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Tag Archives: Hygiene

Hygienna Solo Is The Go-Everywhere Bidet

By David Ponce

Bidets. They often inspire fear and confusion amongst North-Americans that travel to Europe or the Middle-East. What’s supposed to happen? Water shoots up at us from below? It… washes us? Is it cold? Do you then wipe? What’s going on? But these fears should not be; bidets are great for hygiene and those that use them find the rest of us quite funny. And the bidet aficionados will be positively thrilled at the idea of the Hygienna Solo, a plastic attachment that fits most water bottles and lets you stay clean even when visiting a filthy non-bidet toilet. It’s not battery powered, just squeeze the bottle and let the stream do its business. And then… well, this editor doesn’t know as he’s one of the non-initiated. Still, if your boat will float, it’s $10.

[ Product Page (Caution: auto-playing video) ] VIA [ Geekologie ]

Toothbrush Informs Your Of Your Brushing Habits Via Bluetooth

By David Ponce

Since accelerometer chips have become ubiquitous, we are finding them just about everywhere from cellphones to fitness tracking devices (like the Fitbit) and now you can add the Beam Brush to the list. We’re finding the idea behind this one rather interesting. The device will connect to your smartphone via Bluetooth and inform you of when and for how long you brushed. Perhaps the idea is to shame you in having better dental hygiene or to simply help you maintain your already good habits. The associated app will give you rewards for keeping your goals and even generate little graphs with your brushing history. The brush itself is not motorized. And despite it being pictured in awful CG rendering, the Beam Brush should be on the market next month for $50 with replaceable heads at $3 a pop.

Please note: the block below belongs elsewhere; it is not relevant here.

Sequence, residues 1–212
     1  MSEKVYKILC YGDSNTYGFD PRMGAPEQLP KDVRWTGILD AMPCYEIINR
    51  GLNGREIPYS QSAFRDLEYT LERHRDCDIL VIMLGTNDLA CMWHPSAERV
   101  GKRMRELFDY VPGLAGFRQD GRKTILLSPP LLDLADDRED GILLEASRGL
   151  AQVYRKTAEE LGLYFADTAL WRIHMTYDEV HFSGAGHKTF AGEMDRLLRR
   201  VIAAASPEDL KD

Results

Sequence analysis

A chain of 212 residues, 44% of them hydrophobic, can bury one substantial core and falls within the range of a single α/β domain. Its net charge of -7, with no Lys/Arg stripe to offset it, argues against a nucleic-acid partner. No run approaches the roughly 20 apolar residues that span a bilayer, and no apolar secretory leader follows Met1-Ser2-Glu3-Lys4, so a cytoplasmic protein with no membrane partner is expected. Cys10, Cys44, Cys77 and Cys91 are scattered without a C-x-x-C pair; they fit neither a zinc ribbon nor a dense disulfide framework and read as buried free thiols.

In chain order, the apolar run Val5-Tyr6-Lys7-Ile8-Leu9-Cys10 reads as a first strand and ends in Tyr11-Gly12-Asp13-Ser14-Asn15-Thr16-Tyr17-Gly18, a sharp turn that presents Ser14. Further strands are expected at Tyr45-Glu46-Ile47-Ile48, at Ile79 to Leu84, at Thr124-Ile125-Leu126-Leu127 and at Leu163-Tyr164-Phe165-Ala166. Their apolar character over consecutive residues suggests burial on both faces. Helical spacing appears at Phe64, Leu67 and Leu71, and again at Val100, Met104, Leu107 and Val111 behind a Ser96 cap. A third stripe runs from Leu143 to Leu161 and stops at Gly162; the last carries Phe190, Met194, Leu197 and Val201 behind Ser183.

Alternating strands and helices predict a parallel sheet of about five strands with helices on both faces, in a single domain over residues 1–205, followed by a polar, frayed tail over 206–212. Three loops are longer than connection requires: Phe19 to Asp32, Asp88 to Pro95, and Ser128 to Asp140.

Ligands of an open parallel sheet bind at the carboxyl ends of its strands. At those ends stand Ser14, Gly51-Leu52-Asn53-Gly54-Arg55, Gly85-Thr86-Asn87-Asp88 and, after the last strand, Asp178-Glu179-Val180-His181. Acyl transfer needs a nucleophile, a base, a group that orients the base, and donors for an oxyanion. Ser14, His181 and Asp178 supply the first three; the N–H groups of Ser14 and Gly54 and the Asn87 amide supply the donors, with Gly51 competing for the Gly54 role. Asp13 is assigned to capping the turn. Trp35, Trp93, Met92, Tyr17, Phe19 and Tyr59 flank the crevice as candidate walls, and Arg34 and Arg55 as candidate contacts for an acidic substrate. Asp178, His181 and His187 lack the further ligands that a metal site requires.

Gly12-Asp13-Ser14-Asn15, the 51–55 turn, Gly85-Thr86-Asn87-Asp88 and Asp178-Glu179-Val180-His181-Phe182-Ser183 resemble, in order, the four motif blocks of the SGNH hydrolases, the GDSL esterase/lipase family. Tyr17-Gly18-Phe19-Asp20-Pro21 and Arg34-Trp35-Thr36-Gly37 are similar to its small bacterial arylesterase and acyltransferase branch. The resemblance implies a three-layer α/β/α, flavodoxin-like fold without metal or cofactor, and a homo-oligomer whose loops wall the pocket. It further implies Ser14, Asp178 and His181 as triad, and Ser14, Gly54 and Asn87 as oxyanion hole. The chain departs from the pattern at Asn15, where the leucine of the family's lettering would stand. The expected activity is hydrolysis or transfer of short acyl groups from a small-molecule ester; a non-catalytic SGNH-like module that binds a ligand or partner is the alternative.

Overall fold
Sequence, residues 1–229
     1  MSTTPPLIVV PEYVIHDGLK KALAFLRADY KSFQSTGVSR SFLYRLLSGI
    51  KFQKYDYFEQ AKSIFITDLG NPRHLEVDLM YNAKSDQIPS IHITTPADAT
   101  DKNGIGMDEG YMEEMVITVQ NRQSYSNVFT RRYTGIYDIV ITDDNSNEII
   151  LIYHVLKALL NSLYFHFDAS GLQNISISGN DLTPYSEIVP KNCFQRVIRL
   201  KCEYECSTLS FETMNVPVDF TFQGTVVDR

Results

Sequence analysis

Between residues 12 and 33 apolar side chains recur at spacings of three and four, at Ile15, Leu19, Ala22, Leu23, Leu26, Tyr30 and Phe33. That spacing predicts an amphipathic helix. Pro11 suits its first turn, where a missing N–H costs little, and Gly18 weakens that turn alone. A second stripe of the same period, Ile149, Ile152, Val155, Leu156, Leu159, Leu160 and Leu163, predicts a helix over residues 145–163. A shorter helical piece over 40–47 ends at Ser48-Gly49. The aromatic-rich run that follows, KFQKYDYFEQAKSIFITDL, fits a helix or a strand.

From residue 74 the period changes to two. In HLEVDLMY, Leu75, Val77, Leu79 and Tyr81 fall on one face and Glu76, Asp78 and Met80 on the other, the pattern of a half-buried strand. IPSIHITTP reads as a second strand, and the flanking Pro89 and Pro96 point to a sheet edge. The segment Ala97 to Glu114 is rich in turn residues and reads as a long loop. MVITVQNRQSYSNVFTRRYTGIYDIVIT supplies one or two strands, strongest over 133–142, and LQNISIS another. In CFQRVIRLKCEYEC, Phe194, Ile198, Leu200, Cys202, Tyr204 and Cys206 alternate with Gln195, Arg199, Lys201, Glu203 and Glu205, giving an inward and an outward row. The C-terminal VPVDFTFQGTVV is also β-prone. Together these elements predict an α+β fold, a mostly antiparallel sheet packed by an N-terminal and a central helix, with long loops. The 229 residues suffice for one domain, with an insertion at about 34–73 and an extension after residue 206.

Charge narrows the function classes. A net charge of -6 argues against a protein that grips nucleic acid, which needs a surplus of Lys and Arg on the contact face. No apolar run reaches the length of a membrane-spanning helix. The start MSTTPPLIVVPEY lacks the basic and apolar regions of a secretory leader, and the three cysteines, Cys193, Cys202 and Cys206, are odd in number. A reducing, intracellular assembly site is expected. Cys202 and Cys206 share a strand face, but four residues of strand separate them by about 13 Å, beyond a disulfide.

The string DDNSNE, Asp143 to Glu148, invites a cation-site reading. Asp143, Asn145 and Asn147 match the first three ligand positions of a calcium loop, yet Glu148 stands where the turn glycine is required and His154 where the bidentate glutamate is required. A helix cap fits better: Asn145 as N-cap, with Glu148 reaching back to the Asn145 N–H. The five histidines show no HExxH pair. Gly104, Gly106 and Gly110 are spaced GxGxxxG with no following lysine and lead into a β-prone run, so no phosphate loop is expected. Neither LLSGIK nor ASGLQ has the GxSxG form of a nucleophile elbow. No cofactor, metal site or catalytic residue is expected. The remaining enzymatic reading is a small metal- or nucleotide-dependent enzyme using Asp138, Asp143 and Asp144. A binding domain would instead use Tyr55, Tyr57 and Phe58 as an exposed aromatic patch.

[ Product Page ] VIA [ MedGadget ]

Philips Sonicare AirFloss Uses Just A Teaspoon Of Water To Clean Your Entire Mouth

Philips Sonicare AirFloss (Image courtesy Philips)
By Andrew Liszewski

In addition to the Sonicare DiamondClean toothbrush they announced a while ago, Philips also revealed a new alternative to the traditional waterpik flossing (or interdental) system called the AirFloss. Deep down we all know we should be flossing our teeth every day to clean places our brushes can’t reach, but dental floss isn’t always the easiest tool for the job. And everyone knows that ease of use makes a big difference.

So the AirFloss is roughly the size of your standard electric toothbrush, a much improved design over the waterpik which usually requires a fairly hefty reservoir of water sitting on your bathroom counter. And instead of requiring gallons of water to clean your mouth, the AirFloss uses just a single teaspoon of water for two one-minute cleaning sessions. Meaning the unit, including its reservoir, can be completely self contained. By blasting the spaces between your teeth with a mix of air and water droplets traveling at speeds of up to 45mph, the AirFloss is not only easier to use than string floss, but apparently far more effective. At ~$90 it’s unfortunately quite a bit more expensive than a spool of floss, but what good is going the cheaper route if you never actually end up using it?